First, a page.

Perhaps patients with chronic
NSLBP with more physical and psychosocial indicators
Otoo et al. Comparative effectiveness of advice/education
Physical Therapy Reviews 2014 VOL. 000 NO.000 9
may benefit more from advice/education based on the
biopsychosocial model while patients with more
physical derangement may benefit from exercise
therapy. Research in this field shows potential promise
for subgrouping based on risk stratification, and as
such, there is potential to look at whether targeted
advice and/or exercise, manual therapy is more
appropriate in patients based on their risks of
developing chronic LBP.
67
However, the long-term
effects of both interventions require further study
based on the available evidence in this review. It is also
difficult to draw definitive conclusions on the most
cost effective interventions because of the low-quality
of evidence and the lack of cost effectiveness measures
employed in the included studies.
There is an indication for more high-quality studies
in this field of low back pain. The lack of studies
comparing manual therapy to advice/education for
chronic NSLBP as well as the fact that only four
studies were identified that compared advice/educa-
tion to exercise reveals the dearth of knowledge in
this area. This review also brings to light the need to
consider measuring both the health outcomes and the
comparative cost effectiveness of interventions at
long-term follow-up. Such an approach would
enhance the decision-making process on the choice
of interventions for clinicians and researchers.
Limitations
Statistical information for some of the outcomes was
not made available in some of the primary studies.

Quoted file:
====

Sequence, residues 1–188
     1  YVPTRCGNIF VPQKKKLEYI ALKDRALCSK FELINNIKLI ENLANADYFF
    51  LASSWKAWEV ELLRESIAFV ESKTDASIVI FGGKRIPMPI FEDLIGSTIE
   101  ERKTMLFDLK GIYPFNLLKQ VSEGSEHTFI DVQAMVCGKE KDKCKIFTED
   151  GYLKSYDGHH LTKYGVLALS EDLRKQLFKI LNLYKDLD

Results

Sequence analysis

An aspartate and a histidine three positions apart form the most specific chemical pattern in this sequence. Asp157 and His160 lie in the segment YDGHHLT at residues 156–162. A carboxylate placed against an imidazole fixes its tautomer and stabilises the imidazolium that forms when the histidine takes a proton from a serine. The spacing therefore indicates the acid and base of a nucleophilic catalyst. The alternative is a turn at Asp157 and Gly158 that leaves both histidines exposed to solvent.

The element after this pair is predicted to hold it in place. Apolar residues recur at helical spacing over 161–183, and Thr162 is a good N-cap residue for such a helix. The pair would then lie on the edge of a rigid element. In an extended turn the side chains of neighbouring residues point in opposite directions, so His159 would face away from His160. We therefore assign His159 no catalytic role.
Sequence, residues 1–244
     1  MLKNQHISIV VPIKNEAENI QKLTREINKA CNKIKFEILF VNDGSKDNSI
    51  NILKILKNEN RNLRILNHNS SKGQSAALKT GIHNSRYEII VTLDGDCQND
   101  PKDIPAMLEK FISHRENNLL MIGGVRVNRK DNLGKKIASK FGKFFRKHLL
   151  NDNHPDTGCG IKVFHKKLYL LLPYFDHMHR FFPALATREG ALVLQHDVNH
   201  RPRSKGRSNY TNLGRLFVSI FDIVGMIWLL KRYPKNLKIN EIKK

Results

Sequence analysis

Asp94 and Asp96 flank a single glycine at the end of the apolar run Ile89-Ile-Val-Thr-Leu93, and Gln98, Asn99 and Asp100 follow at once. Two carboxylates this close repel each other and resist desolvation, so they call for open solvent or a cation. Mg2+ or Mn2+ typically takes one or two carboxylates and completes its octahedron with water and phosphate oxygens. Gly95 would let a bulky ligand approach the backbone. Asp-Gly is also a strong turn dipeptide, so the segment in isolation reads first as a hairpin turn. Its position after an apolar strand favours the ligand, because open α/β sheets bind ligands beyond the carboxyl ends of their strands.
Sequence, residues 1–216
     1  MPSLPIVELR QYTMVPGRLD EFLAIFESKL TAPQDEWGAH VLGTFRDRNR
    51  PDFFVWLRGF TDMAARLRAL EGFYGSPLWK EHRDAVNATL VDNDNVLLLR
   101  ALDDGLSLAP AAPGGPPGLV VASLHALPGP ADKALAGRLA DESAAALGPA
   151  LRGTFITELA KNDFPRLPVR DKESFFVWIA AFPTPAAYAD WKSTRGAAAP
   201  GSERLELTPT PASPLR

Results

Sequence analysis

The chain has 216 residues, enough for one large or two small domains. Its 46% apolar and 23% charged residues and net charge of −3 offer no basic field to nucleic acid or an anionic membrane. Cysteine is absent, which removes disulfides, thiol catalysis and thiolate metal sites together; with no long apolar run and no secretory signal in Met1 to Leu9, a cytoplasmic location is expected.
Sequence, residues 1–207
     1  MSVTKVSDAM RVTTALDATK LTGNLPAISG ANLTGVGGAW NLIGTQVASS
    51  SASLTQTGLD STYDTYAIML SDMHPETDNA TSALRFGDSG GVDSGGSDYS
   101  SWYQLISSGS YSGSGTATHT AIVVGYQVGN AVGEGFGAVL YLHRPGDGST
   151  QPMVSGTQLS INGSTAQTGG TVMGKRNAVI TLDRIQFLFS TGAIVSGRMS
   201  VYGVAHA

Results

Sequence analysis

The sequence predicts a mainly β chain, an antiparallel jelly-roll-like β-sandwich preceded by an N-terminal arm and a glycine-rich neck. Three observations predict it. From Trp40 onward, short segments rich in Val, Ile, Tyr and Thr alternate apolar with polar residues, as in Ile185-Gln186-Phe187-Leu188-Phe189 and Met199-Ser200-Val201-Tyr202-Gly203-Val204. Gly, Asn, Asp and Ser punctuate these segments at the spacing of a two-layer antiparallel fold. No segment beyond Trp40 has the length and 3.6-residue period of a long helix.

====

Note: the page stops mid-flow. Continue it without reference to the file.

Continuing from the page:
Efforts were, however, made to obtain these details
from the authors of these primary studies but were
not successful. Only studies published in the English
language were considered and this may have intro-
duced a language bias.
Conclusion
The results from this review suggest that there is low-
quality evidence that exercise is more effective than
advice/education for patients with chronic NSLBP.
The quality of the evidence and the methodological
heterogeneity of included studies limit the strength of
findings. Also, the nature of the evidence available
makes it difficult to be specific about the most
effective content as well as frequency of both
interventions.
Disclaimer Statements
Contributors Samuel Kweku Wie Otoo and Paul
Hendrick undertook the literature search, study
design, data collection, data analysis, data interpreta-
tion, and writing of the manuscript. Dan Ribeiro
undertook the data analysis, data interpretation, and
writing of the manuscript.
Funding
Conflicts of interest There are no conflicts of interest.
Ethics approval
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Otoo et al. Comparative effectiveness of advice/education
Physical Therapy Reviews 2014 VOL. 000 NO.000 11
... There was evidence that overall, clients benefited from the CPMP. This is consistent with previous literature that has shown education addressing the neurobiology and physiology of pain can have a positive effect on pain levels, physical performance, pain catastrophizing (Otoo et al., 2015), improving pain function, lowering disability, and enhancing movement (Louw et al., 2011). There was also evidence that some clients experienced a positive shift in their conceptualization of their pain, which has been previously shown to result in lower pain intensity levels and better recovery (Mittinty et al., 2018). ...
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... A clear understanding of chiropractic and osteopathic practice and how they compare with physiotherapy practice is called for. There is a growing body of research investigating the effectiveness of physiotherapy care (e.g., manual therapy and exercise compared to patient advice for chronic nonspecific low back pain [35]), but there has been little comparison between physiotherapy and other manual therapies. It appears that some GPs require further education in the range of healthcare practitioners who deliver evidencebased treatments for musculoskeletal conditions. ...